On a slightly larger scale, look at Finnish game developer SuperCell. Following $12mn of VC investment in 2011, they developed two games, one of which was Clash of Clans — an app that grossed nearly $900mn in 2013. I don’t know how many employees they had in 2011-12 when the game was developed, but I’ll bet it was a pretty small core development team.

To me, this is a kind of democratization – literally with nothing but a laptop and an idea, it’s possible for a talented coder anywhere in the world to come up with something pretty awesome and sell it globally. Of course, if they succeed they will make a ton of money and in doing so “mess up” the Gini coefficient; but honestly, who’d want to live in a world without that possibility?


This article first appeared on LinkedIn 11 November 2014

Should You Pay The Ransom?

The recent surge in popularity of “ransom-ware”, along with Islamic State’s penchant for hostage-taking got me thinking about kidnapping & ransom.

In last weekend’s FT, Tim Harford reviewed the work of Reinhard Selten on the ‘Chain Store Paradox’ and it struck me that there was a strong parallel between the rational response of a monopoly chain-store owner to new entrants into the market, and the question of whether an individual should pay the ransom to a kidnapper.

As a parent (of two teenaged sons) I can of course appreciate that on a personal level, if anything happened to anyone in my family I would stop at nothing to get them back safely. Yet in doing so, I would in a small way be perpetuating the ‘business’ of kidnapping. Governments face the same dilemma and there has been much media coverage (e.g. this article in The Guardian) recently of the question as to whether some European governments are compromising US & UK’s harder stance on the issue by paying ransom to get their citizens back.

In Harford’s article he points out that Selten considered two possible extreme responses for the monopoly chain-store owner: either step aside, keep prices high and expect to lose some market share; or alternatively crush the upstart by dropping prices.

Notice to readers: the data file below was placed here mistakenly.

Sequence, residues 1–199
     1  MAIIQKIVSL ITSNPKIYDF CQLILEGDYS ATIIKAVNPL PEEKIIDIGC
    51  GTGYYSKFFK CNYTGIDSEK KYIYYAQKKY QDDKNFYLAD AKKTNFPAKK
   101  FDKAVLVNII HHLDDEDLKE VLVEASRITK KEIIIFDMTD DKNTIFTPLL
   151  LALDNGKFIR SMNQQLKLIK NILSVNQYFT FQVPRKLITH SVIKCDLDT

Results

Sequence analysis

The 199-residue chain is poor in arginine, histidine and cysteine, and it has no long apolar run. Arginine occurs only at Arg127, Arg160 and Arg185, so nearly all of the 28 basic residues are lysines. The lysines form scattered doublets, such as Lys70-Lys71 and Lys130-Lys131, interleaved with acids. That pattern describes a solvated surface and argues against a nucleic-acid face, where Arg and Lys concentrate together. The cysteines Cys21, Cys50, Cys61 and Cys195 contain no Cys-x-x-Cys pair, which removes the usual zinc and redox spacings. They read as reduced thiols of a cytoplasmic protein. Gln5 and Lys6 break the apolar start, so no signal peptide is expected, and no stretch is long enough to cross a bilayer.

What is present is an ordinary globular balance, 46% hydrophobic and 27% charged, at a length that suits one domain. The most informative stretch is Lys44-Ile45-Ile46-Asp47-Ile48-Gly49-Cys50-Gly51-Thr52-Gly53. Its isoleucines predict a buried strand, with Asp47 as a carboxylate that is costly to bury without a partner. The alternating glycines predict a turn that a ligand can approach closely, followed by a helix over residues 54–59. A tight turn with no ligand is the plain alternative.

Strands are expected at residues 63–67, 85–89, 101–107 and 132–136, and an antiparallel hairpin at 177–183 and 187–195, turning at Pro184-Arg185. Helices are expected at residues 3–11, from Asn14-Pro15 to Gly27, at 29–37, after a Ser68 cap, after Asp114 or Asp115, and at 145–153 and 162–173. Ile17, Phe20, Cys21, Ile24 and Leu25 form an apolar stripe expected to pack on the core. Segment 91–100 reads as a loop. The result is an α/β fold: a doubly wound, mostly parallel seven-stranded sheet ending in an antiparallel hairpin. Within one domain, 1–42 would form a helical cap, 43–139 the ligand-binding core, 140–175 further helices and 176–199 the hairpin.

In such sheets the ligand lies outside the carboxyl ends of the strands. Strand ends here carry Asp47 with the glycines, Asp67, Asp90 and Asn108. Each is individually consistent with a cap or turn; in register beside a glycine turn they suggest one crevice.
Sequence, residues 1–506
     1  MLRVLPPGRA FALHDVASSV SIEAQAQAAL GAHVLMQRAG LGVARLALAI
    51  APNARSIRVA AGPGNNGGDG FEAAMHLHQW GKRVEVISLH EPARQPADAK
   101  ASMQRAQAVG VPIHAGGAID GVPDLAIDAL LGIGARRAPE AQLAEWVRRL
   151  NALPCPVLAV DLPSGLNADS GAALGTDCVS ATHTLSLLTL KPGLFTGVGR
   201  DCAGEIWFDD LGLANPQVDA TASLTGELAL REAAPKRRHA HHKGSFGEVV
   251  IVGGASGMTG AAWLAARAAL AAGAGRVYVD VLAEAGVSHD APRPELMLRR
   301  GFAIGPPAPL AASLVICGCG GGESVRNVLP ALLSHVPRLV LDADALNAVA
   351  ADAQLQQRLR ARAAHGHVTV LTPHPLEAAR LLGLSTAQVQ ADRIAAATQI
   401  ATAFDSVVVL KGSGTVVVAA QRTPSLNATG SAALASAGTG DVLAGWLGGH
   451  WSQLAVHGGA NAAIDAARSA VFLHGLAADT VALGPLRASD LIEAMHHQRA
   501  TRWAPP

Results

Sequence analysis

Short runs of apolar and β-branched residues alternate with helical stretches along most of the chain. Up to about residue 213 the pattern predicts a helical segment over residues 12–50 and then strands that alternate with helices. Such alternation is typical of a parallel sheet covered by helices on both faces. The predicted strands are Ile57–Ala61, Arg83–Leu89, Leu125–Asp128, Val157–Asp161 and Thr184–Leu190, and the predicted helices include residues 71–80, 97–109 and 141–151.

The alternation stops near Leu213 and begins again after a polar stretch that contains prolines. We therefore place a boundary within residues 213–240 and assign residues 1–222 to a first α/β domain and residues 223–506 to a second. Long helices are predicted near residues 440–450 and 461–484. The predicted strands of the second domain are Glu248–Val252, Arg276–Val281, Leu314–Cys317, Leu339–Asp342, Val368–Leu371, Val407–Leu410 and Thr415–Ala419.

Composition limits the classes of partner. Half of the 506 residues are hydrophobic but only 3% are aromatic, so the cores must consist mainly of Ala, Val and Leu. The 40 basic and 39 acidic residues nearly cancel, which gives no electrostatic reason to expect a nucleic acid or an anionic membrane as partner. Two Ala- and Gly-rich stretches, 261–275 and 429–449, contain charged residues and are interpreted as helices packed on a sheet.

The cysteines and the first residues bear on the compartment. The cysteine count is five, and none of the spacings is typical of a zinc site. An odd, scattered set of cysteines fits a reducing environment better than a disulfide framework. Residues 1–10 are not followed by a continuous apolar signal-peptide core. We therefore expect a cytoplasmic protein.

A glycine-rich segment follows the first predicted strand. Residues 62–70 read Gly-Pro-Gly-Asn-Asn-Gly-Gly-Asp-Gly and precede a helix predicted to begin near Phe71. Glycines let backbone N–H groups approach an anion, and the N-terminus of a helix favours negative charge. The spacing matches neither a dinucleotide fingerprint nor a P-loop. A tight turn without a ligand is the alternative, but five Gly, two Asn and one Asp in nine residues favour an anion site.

It seems to me that to have any chance at all of eradicating hostage-taking, destroying the economic model is the only way to do so. That means firstly governments agreeing not to pay ransom, ever. And perhaps it also means making the paying of ransom by individuals or corporates a criminal offence. This might seem extreme, but I think it’s probably the only way. It’s also pretty unlikely to come to pass unfortunately since even the permanent members of the UN Security Council don’t appear to be able to trust each other to keep their words on this matter.


This article first appeared on LinkedIn 23 September 2014

Dying on Payday

This is from the egalitarian Sweden:

“In this paper, we study the short-run effect of salary receipt on mortality among Swedish public sector employees. By exploiting variation in pay-days across work-places, we completely control for mortality patterns related to, for example, public holidays and other special days or events coinciding with paydays and for general within-month and within-week mortality patterns. We find a dramatic increase in mortality on the day salaries arrive. The increase is especially pronounced for younger workers and for deaths due to activity-related causes such as heart conditions and strokes. Additionally, the effect is entirely driven by an increase in mortality among low income individuals, who are more likely to experience liquidity constraints. All things considered, our results suggest that an increase in general economic activity upon salary receipt is an important cause of the excess mortality.”


This article first appeared on LinkedIn 20 August 2014